A true Aspen landmark built in 1889, Hotel Jerome’s stately brick façade set the challenge of designing a multiple-suite and gathering place addition that responded to and highlighted the existing structure in style and demeanor. The restoration and repurposing of the adjacent historic 1904 Aspen Times building as a speakeasy and entertainment venue meant respecting and enhancing its informal, historic wood façade. In addition, redesigning a central garden courtyard encompassing a pool and providing outdoor restaurant seating, presented additional challenges.
Designed as an extension of the courtyard, the new three-story Suites building features cedar siding specially stained to complement the red brick siding of the existing hotel. An informal, Accoya hardwood screen on the façade functions as a vertical garden trellis. Interior palette, millwork, finishes and furnishings take their cue from the original hotel, for which R+B completed a full interior renovation in 2012.
The restoration of the historic Aspen Times Building provides a timeless addition to the Hotel Jerome. Extraneous exterior additions were removed, and a steel super-structure was installed to allow the original building to once again stand on its own. Original wood siding was preserved and re-detailed. Historic windows once hidden or removed were replaced with new wood windows. A new metal roof was added to reflect the historic vernacular. A new sliding barn door system was added to the original garden-facing wall to create permeability or enclosure as needed. Interior architectural design for the speakeasy, called Bad Harriet, was inspired by the Victorian period in which the building was constructed. In collaboration with TAL Studio, interior spaces feature complementary yet relevant materials and detailing, including mirrored wall panels with polished accents, Bruna Terra Leather stone bar top and painted wood trim.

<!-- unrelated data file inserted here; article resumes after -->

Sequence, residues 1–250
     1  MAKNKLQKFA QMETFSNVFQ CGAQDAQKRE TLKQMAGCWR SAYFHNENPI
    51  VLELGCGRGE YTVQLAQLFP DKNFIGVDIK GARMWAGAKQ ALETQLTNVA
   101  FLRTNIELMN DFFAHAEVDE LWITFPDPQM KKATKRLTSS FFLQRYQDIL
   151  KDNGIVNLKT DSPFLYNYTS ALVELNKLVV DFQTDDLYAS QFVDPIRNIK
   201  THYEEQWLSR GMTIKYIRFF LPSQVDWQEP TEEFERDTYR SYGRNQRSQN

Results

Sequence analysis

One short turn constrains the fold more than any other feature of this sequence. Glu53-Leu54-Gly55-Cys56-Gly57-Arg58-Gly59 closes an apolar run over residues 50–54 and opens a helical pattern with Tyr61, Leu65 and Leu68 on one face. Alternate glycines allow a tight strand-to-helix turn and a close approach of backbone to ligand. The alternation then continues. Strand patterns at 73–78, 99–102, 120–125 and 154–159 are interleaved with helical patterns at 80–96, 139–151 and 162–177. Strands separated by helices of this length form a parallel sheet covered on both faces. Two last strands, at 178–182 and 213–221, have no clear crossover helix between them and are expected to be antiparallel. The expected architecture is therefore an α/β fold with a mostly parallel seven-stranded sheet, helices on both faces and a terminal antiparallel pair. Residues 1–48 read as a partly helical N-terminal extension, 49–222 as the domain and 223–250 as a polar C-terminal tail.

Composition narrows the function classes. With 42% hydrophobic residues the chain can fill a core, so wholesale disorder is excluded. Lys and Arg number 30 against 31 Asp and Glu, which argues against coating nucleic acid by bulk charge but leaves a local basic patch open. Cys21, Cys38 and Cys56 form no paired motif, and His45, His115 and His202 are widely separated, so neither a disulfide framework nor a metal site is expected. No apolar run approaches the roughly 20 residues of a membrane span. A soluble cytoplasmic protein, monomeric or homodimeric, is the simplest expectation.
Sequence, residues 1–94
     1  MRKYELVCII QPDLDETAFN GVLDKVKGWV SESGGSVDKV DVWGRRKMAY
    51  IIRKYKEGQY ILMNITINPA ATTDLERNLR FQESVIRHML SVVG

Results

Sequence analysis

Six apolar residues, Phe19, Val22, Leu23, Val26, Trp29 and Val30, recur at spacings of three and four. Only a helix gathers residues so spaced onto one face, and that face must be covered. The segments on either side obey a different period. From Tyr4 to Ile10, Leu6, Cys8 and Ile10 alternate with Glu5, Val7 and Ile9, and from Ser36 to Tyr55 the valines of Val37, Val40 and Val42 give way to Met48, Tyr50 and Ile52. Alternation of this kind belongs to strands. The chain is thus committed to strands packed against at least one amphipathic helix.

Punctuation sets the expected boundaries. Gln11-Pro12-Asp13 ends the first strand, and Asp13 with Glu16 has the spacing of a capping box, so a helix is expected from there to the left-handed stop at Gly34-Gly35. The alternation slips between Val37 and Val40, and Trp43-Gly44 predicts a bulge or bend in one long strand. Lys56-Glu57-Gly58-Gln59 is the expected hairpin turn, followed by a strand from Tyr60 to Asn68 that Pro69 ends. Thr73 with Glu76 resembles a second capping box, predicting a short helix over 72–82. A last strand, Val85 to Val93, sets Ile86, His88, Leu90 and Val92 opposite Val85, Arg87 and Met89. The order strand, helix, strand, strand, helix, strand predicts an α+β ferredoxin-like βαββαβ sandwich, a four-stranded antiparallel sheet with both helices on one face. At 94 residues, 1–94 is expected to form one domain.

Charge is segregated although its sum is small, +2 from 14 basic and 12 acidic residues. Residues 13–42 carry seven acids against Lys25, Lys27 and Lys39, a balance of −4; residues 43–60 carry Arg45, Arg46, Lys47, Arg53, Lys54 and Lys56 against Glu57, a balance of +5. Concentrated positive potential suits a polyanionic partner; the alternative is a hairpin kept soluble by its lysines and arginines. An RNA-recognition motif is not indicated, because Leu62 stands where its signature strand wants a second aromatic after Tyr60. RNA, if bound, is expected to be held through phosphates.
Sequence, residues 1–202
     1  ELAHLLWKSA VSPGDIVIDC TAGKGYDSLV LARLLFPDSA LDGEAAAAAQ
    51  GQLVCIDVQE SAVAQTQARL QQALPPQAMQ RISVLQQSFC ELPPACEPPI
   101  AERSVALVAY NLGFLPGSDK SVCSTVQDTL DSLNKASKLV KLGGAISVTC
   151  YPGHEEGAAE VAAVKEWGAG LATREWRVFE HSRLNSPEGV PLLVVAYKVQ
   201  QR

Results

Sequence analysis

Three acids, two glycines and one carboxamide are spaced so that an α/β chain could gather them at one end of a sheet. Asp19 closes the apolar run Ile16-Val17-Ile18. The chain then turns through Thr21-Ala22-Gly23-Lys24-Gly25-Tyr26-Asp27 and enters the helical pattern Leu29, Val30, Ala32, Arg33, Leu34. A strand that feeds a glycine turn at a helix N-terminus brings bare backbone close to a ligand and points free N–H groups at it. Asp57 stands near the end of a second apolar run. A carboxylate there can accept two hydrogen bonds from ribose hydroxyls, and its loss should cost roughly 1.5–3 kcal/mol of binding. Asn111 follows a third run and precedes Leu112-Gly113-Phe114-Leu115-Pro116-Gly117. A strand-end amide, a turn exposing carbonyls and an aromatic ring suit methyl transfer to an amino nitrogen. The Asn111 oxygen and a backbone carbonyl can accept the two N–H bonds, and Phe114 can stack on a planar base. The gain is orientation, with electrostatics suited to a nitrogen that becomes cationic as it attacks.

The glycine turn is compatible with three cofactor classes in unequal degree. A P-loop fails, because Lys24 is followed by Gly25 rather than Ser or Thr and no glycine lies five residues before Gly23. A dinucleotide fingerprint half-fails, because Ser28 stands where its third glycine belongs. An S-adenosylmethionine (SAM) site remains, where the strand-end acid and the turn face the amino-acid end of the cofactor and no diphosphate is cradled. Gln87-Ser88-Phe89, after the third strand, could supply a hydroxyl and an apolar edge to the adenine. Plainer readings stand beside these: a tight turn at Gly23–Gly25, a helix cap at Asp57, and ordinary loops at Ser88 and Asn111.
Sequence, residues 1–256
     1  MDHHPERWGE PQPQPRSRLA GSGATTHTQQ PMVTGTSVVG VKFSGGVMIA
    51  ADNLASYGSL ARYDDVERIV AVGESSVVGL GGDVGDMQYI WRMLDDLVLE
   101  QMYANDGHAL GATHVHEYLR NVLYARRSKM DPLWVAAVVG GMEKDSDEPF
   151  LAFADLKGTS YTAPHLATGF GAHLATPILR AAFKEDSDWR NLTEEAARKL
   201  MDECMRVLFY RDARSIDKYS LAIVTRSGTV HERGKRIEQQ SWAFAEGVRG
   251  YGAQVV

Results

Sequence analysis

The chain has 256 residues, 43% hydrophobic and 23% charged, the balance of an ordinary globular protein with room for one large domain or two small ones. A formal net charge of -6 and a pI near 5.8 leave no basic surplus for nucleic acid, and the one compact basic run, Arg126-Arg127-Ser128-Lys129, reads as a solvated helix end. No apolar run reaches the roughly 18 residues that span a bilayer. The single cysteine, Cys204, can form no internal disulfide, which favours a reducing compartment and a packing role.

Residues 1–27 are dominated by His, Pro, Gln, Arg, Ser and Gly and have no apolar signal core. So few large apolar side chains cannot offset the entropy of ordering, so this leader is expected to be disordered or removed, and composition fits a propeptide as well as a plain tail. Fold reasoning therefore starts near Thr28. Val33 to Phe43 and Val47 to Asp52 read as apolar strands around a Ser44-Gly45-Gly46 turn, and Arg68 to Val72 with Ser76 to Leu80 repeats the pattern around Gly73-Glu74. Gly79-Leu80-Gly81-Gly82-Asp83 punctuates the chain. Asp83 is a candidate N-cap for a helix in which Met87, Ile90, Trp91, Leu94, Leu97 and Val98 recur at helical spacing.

Overall, the interior program of the project includes eight hotel suites, a speakeasy bar, two meeting spaces, two catering kitchens, two means of egress, an elevator and stairways.
Renovations to the courtyard area, which previously turned its back on the Aspen Times Building, included raising the interior portion to improve accessibility and repositioning the pool. Now offering a 360-degree experience, including improved connectivity to Main Street, the courtyard has become locally known as “Aspen’s Front Yard.”